Gracious professionalism first
The Tech recently sat down with retired MIT professor Woodie C. Flowers PhD ’73, one of the founders of FIRST (For Inspiration and Recognition of Science and Technology) Robotics Competition and a recipient of many teaching awards while at MIT.
While at FIRST, Flowers coined the term “gracious professionalism.” According to the FIRST website, gracious professionalism is “a way of doing things that encourages high-quality work, emphasizes the value of others, and respects individuals and the community.”
Woodie has seen cases in which teams pitch in to help other teams in times of need, even though these teams could be competing against each other in future matches.
“The satisfaction from lending tools to a team is one thing,” said FIRST participant James MacArthur in a written account of his experiences of the 2012 Orlando regional competition. “However, actually helping out a fellow team impressed many people, mentors, volunteers, and students.”
Each year, over 50,000 high school students participate in FIRST. Even more staggering is the statistic that 10 percent of each MIT freshman class participated in the competition when they were in high school. Teams must build a robot using a set number of supplies to perform a task determined by FIRST that changes every year. Last year, competitors needed to build a robot that could score the most basketballs in a two minute and fifteen second match.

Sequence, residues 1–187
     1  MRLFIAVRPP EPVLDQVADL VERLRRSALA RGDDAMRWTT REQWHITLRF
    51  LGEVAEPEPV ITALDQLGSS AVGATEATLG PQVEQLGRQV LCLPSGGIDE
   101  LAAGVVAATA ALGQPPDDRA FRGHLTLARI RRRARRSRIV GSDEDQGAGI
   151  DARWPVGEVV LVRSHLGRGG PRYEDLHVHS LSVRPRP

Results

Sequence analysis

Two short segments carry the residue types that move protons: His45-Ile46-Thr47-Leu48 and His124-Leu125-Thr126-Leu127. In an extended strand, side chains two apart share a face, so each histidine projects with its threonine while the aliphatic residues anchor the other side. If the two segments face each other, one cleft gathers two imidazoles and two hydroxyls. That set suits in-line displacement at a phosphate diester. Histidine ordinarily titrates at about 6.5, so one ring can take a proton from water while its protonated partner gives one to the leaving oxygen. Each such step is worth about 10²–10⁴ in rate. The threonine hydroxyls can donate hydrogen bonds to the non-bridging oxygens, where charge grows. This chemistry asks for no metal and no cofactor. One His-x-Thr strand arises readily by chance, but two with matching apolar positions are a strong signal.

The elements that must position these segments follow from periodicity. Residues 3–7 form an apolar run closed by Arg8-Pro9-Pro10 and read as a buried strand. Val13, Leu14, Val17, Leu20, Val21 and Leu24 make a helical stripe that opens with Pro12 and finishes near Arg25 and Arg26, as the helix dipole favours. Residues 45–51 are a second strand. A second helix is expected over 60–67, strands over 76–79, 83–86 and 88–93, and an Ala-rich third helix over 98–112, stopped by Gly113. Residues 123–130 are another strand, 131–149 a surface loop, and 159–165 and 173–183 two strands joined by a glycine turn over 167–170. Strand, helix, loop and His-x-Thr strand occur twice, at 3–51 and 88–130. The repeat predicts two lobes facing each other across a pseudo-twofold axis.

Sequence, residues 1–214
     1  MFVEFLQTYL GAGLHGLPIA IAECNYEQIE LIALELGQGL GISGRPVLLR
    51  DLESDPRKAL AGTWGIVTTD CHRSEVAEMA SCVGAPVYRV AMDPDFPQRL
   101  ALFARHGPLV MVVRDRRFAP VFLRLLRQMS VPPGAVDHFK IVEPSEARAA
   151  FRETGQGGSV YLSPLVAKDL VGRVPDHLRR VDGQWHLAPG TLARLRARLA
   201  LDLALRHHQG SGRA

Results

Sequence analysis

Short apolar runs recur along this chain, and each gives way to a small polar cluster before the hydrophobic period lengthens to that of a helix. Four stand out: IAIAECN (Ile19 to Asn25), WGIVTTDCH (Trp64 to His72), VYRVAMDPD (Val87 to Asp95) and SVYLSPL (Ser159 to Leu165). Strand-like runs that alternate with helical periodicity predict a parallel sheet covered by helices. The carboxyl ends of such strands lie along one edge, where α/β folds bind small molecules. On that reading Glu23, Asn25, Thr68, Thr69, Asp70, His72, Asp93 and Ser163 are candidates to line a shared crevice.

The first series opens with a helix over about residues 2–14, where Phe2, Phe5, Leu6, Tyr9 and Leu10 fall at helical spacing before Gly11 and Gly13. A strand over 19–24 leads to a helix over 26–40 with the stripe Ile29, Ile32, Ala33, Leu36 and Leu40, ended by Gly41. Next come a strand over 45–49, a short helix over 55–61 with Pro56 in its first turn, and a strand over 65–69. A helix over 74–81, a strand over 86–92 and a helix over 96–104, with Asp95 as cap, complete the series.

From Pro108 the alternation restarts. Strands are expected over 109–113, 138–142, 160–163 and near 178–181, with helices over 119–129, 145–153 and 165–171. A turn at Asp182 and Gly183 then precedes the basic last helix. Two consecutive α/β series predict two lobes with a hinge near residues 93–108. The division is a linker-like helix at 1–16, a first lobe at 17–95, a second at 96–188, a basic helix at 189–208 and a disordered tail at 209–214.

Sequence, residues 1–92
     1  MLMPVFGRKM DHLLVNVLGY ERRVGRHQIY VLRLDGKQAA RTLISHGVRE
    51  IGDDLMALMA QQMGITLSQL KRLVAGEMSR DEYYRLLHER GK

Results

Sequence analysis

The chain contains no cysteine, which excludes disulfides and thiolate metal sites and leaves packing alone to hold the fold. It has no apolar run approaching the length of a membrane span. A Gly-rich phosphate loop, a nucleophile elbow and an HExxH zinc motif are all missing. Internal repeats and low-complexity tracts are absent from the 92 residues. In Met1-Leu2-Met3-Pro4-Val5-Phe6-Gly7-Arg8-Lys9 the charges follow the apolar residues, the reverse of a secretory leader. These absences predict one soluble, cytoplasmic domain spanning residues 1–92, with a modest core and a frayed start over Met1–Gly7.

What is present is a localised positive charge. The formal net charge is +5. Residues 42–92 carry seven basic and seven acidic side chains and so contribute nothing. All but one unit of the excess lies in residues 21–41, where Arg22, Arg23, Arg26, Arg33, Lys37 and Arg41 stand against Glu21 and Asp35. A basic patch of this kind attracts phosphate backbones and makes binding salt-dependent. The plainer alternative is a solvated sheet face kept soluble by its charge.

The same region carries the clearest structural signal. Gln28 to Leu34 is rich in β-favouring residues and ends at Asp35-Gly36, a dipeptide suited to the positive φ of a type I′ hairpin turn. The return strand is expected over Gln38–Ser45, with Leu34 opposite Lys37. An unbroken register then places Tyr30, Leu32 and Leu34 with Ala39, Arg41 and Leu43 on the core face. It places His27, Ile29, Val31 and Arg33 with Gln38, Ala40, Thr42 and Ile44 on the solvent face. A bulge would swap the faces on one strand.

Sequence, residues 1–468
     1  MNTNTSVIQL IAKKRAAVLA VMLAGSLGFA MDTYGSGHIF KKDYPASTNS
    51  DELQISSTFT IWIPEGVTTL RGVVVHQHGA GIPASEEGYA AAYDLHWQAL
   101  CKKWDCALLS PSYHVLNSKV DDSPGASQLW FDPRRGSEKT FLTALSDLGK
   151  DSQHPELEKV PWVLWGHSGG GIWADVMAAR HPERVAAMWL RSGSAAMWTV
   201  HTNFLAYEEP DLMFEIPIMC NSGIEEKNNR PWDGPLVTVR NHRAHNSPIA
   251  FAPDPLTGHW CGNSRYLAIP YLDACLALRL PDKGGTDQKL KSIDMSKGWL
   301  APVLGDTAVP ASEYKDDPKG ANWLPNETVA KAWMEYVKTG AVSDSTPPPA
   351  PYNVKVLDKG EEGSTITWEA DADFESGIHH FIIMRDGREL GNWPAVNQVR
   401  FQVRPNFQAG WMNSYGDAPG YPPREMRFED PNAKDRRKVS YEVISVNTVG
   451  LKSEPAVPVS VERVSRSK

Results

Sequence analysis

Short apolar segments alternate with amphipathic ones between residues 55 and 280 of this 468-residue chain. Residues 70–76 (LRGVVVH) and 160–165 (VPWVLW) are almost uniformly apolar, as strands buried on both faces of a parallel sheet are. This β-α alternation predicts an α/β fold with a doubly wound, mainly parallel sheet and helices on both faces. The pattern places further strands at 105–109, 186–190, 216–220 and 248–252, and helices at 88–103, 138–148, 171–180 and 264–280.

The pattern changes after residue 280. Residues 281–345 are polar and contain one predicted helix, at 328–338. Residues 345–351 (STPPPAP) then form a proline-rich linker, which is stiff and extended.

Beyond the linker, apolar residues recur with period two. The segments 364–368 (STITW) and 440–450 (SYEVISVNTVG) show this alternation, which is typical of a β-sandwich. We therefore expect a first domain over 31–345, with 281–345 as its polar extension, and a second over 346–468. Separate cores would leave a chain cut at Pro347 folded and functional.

FIRST is not the only place where Flowers has seen gracious professionalism. The 2.70 Introduction to Design class that he taught for more than two decades (now 2.007) also gave students the chance to express their camaraderie and willingness to help each other. At the end of the course, the class had a culminating competition — an event so popular that the alumni jokingly called it MIT’s version of homecoming.
In its 150-year celebration of the Institute’s history, the MIT Museum named 2.70 as MIT’s most famous class, partially because of this competition. Over the years, Flowers has seen ingenuity, failures, and above all, graciousness.
“In 2.70, I had asked the students to act as if all that they did in the course would be seen by their grandmothers in a nationally-televised documentary,” said Flowers. “They got it and did exactly that. They did engage in trash talk and teased one another, but the overall tone was to help each other and teach others everything they learned.”
Although Flowers recently retired as a professor at MIT, he still involves himself in MIT affairs. He cares deeply about students, and doesn’t hesitate to give advice.
“MIT is a reasonably gracious meritocracy. Sometimes, it is a very tough meritocracy,” said Flowers. “I knew when I walked into the room with you that you’re smart, and ambitious and multi-layered and interesting. And when you’re with a group of your colleagues … that’s true with them too — cherish that diversity.”
Flowers often likes to compare MIT to steamrollers and candy stores; he believes that students choose what their experience in college will be like. It can be either four years of hard, relentless stress, or four years of interesting, rewarding work, depending on the student’s mindset.
“While you’re here, an essential part of the candy store is the other people that are shopping. You must pay attention to them and what’s in their market basket too,” said Flowers. “Talk about what they’ve paid [for].”
It seems like MIT is as good of a place as any to learn from peers, be it gracious professionalism or something else.